houthi military yemen saudi arabia attacks
An image grab taken from a video made available by al-Houthi Media Office shows Houthi military spokesperson Brigadier-General Yahya Saree speaking at a press conference on September 18, during which the Yemeni rebel group threatened to more attacks on Saudi Arabia, as well as on "dozens of targets" in the United Arab Emirates including the cities of Dubai and Abu Dhabi. Al-Houthi Group Media Office/AFP/Getty Images

Tensions between Tehran and Riyadh have played out amid a U.S.-led campaign to isolate Iran's growing regional influence. Seen as a staunch ally of Iran's foes Saudi Arabia and Israel, President Donald Trump left a 2015 nuclear deal, accusing the Islamic Republic of using sanctions relief to further support militant groups and develop missile technology and imposing new economic restrictions that have put the U.S. at odds with China, the European Union, France, Germany, Russia and the United Kingdom, all of whom still support the agreement.

Beijing and Moscow have also condemned the attack in Saudi Arabia, but have called on Washington and the international community to hold off on making preemptive accusations as to Tehran's potential involvement. Russian President Vladimir Putin also offered to sell Saudi Arabia advanced S-300 and S-400 surface-to-air defense systems as he did Iran and Turkey, respectively, during a press conference alongside the leaders of both countries.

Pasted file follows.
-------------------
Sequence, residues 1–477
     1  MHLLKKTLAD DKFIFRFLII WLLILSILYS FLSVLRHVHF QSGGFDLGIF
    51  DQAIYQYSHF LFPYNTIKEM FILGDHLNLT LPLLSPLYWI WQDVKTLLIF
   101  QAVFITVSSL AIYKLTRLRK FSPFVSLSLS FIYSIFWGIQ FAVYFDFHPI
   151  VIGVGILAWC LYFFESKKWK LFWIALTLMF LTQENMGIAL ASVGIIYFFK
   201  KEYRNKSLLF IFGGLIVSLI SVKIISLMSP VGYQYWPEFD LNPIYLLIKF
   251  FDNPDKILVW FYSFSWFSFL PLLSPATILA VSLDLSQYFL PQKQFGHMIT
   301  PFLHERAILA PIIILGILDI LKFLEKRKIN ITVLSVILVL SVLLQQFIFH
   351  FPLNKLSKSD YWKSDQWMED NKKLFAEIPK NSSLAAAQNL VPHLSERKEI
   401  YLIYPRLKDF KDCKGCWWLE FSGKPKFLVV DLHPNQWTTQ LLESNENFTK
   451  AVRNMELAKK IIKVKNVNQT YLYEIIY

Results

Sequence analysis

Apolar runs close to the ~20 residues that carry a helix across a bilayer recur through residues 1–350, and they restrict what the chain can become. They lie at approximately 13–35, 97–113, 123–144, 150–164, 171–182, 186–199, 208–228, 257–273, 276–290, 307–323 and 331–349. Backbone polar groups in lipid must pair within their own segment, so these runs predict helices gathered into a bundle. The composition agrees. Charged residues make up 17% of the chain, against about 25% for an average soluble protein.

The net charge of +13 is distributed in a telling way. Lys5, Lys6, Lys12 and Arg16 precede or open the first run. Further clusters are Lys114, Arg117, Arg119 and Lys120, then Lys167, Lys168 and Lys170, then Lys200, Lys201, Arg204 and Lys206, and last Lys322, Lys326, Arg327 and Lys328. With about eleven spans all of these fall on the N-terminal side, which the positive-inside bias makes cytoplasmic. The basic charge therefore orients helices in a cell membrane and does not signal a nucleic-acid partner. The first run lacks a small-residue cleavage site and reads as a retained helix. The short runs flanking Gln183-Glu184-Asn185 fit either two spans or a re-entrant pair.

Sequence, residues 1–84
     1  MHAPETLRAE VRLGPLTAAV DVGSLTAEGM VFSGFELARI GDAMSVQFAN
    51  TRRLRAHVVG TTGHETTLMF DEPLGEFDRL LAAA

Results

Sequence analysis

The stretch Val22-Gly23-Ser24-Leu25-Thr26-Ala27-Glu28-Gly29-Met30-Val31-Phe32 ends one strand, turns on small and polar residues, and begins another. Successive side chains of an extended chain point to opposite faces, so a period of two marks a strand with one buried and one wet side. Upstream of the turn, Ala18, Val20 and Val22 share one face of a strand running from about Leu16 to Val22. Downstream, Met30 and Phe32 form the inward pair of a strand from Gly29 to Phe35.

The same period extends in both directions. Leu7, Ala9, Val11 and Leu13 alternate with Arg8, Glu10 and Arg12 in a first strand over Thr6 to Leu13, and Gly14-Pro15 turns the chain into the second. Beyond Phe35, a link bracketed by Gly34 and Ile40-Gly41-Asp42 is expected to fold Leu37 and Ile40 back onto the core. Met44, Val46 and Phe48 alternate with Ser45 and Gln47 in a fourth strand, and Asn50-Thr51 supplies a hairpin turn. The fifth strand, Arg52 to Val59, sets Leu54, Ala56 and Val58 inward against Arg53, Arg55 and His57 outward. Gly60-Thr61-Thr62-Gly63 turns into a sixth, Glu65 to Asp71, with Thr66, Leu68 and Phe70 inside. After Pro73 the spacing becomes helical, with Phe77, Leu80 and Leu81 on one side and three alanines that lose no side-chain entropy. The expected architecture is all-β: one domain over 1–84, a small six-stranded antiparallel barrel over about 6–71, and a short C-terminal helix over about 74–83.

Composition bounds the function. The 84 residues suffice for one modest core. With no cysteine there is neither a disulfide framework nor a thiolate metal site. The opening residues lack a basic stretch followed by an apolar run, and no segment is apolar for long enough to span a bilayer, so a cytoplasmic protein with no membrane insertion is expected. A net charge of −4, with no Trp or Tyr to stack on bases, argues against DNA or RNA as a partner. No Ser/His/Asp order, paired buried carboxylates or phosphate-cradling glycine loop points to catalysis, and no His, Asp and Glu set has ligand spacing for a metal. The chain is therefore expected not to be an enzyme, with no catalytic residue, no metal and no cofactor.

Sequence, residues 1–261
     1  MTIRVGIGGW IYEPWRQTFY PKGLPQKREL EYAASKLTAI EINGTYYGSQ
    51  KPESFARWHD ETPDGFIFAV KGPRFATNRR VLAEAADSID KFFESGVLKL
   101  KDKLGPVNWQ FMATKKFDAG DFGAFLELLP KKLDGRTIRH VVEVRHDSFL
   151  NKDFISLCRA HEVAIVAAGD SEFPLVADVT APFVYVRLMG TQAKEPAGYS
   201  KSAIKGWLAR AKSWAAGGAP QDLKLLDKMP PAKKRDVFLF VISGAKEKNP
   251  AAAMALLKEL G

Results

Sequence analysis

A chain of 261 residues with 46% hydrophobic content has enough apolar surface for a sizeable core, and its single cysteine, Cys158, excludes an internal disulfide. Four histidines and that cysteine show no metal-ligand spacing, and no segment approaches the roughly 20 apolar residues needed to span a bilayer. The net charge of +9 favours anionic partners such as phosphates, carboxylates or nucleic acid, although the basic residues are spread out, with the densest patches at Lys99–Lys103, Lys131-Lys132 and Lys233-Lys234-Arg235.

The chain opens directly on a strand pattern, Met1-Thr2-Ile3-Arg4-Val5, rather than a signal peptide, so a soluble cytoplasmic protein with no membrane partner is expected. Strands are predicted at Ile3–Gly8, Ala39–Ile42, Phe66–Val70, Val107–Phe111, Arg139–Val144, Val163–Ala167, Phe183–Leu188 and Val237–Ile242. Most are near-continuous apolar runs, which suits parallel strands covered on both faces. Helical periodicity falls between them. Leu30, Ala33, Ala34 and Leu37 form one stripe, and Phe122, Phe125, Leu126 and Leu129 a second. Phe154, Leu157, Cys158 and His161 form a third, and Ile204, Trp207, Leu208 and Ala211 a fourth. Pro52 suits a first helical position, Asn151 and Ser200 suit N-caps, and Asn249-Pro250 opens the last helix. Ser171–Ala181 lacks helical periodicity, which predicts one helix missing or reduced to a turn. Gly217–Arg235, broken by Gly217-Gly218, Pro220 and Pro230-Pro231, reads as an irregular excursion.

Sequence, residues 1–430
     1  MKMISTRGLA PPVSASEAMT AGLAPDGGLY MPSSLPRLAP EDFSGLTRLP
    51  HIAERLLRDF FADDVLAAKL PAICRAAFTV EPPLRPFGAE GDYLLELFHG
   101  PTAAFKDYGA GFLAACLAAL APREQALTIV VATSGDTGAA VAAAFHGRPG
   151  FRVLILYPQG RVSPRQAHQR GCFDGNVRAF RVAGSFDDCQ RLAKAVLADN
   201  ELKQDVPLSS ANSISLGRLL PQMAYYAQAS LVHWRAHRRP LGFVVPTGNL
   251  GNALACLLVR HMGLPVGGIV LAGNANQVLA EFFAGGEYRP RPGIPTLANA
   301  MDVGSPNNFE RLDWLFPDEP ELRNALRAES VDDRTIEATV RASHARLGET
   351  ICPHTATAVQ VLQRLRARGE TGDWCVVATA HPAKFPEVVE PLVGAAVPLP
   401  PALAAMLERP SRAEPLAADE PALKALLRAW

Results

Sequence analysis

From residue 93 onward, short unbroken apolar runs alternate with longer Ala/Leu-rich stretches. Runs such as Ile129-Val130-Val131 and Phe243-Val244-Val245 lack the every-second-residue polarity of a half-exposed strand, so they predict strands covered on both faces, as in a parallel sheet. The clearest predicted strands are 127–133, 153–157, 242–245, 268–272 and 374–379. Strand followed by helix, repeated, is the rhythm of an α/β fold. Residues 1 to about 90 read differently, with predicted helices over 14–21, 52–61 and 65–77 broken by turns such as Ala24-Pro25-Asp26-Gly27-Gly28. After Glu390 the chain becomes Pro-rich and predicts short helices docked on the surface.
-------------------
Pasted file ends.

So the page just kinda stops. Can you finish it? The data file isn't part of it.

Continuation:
Saudi Arabia has mostly deployed U.S. defenses, which apparently failed to detect Saturday's reportedly low-flying strikes. Kremlin spokesperson Dmitry Peskov said Wednesday, however, that the potential arms sale was not discussed during a phone call earlier in the day between Putin and Saudi Crown Prince Mohammed bin Salman, according to the state-run Tass Russian News Agency.

Iranian supreme leader Ayatollah Ali Khamenei has dismissed the possibility of any meeting between Iranian President Hassan Rouhani and Trump at the upcoming United Nations General Assembly, or any other Tehran-Washington dialogue until the U.S. upheld its nuclear deal commitments. Trump has also rescinded his previous offers to meet without preconditions.

Saudi Arabia Officially Blames Oil Attack on Iran, Which Says It's Ready for War But Doesn't Want One | World
{{label}}
{{title}}
EDITOR'S PICK